Saturday, May 8, 2010
Is the Wall Street Journal really superior to the Weekly World News?
At the beginning of the year, I started a new blog to keep track of tabloid headlines called It's News 2 Them™. I wanted to quantify how reliable they are on stories that can be verified, and so far this year, they suck rotten eggs. As of this morning, there are 30 celebrities that have some short amount of time to live according to the supermarket rags, and all 30 of them are currently alive. Over the same time period, several celebrities at about the same level of fame have died without any advance warning from the tabloids. For example, we have been warned about Barbara Billingsley, who is over 90 but still alive, while Dixie Carter died at 70 and her health problems were not tabloid fodder.
In short, not news you can use.
The question I have is this: Is the financial news system any better?
There were people predicting the big crash of 2008 and there were others telling us things were peachy and there was always a way to make the right bet and there was nothing to worry about. Prediction is hard, especially about the future, as either Neils Bohr or Yogi Berra once said. (My money is on Bohr.) But when a thing happens, can the financial news system tell us why after the fact?
This week, the biggest short term glitch of all time took place. In less than an hour, the Dow Jones industrials lost about 10% of its total value, about 1,000 points out of about 10,000, then recovered about 600 points just as quickly. Proctor & Gamble lost about 25% of its value in just a few minutes and for some odd reason began to trade on the NASDAQ market instead on its normal place on the Dow, and within minutes it was making a comeback.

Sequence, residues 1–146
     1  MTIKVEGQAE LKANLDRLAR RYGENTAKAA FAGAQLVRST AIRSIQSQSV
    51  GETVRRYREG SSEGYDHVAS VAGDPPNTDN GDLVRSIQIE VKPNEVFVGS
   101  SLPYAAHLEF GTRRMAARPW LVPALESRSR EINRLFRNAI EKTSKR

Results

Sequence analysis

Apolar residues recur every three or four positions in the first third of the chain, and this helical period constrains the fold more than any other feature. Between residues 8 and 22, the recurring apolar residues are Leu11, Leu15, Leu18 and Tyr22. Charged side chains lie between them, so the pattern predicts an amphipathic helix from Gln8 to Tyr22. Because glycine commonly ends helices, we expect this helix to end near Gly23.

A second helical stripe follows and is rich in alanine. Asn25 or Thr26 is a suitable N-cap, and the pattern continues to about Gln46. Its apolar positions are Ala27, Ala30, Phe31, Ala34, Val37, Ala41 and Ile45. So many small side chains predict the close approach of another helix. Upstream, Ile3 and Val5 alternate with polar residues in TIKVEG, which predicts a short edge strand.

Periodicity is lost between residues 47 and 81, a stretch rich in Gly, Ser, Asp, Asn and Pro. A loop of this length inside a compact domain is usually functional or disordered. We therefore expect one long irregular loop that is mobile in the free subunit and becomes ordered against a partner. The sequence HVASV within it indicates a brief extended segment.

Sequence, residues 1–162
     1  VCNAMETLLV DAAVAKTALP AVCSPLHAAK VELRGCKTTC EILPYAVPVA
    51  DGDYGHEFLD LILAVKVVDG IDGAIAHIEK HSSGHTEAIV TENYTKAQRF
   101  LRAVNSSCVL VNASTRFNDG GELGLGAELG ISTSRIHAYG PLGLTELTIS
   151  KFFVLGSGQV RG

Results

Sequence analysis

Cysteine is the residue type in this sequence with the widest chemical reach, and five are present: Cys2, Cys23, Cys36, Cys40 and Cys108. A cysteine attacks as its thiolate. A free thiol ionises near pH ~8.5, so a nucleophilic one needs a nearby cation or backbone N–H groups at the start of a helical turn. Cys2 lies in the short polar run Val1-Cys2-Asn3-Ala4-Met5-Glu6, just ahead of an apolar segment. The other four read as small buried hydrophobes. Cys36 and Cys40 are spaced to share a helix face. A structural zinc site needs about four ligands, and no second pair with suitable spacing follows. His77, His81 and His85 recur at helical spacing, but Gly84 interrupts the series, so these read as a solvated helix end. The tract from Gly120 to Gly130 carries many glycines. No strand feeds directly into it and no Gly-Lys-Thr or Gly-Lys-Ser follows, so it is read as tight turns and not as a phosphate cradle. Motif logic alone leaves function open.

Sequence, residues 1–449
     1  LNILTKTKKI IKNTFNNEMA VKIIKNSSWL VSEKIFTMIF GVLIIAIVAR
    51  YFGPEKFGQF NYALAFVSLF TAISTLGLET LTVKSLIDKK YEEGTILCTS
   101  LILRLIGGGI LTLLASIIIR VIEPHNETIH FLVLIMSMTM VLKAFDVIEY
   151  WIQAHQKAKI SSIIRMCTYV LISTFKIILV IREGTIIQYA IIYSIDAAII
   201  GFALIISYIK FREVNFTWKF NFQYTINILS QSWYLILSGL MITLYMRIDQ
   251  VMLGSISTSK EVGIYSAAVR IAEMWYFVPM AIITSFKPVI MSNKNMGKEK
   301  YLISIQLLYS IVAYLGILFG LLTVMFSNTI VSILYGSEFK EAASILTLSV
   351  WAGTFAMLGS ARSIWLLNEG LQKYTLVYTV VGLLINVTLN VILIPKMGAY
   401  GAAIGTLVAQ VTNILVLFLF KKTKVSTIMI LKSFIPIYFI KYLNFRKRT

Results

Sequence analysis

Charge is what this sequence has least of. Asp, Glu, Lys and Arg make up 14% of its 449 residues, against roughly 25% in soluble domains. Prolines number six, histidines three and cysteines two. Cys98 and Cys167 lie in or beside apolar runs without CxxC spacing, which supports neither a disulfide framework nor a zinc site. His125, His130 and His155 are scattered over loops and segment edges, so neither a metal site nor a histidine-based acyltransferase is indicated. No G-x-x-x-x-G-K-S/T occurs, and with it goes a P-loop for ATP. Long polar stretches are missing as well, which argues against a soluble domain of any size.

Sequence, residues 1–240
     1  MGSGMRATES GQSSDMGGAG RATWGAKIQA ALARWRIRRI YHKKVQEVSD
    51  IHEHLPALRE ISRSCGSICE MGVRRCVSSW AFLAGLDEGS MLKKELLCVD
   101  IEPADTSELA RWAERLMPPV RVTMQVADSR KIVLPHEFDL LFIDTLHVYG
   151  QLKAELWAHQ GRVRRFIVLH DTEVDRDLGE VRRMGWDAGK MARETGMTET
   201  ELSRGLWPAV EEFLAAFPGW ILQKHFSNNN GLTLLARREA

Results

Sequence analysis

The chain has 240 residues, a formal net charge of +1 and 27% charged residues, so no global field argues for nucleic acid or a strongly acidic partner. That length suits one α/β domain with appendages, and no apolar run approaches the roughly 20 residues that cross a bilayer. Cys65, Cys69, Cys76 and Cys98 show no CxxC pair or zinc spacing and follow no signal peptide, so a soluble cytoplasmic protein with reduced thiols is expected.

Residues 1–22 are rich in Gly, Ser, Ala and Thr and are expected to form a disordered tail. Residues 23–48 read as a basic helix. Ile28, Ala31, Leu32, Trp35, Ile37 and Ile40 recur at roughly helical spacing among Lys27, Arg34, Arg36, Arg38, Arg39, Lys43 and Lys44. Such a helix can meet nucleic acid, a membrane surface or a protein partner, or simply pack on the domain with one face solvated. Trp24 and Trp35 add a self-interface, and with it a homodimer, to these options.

And the financial press still doesn't know why.
The first stories were that the market was worried about Greece. The next was that it was a computer glitch. Another said some trader wanted to make a trade in the millions and instead typed in billions. There is agreement that once certain stocks fell, computerized trading programs clicked in to buy the now much cheaper but by no means worthless commodities, which is the reason for the lightning fast correction.
A lot of people who pay more attention to this stuff than I do, including Stanley Bing, Jim Cramer and Robert Reich, are absolutely convinced that somebody made a fortune in those few minutes. Bing is among those who think it could have been done on purpose. If it was, the next question is whether any laws were broken and if so, will any legal authority do anything about it? Being a Californian, this smells something like what Enron did to game the electrical grid back in the early 2000's. While some Enron officials went to jail for financial misconduct for other acts, the traders who jacked up energy prices to insane levels and joked about grandma Millie got away scot free.
In general, I get along with people well enough. I'm on the extroverted and gregarious end of the hermit spectrum. But I do have serious hermit-like tendencies, fueled by an underlying belief that as a species, we are circling the drain and it's the fate we richly deserve.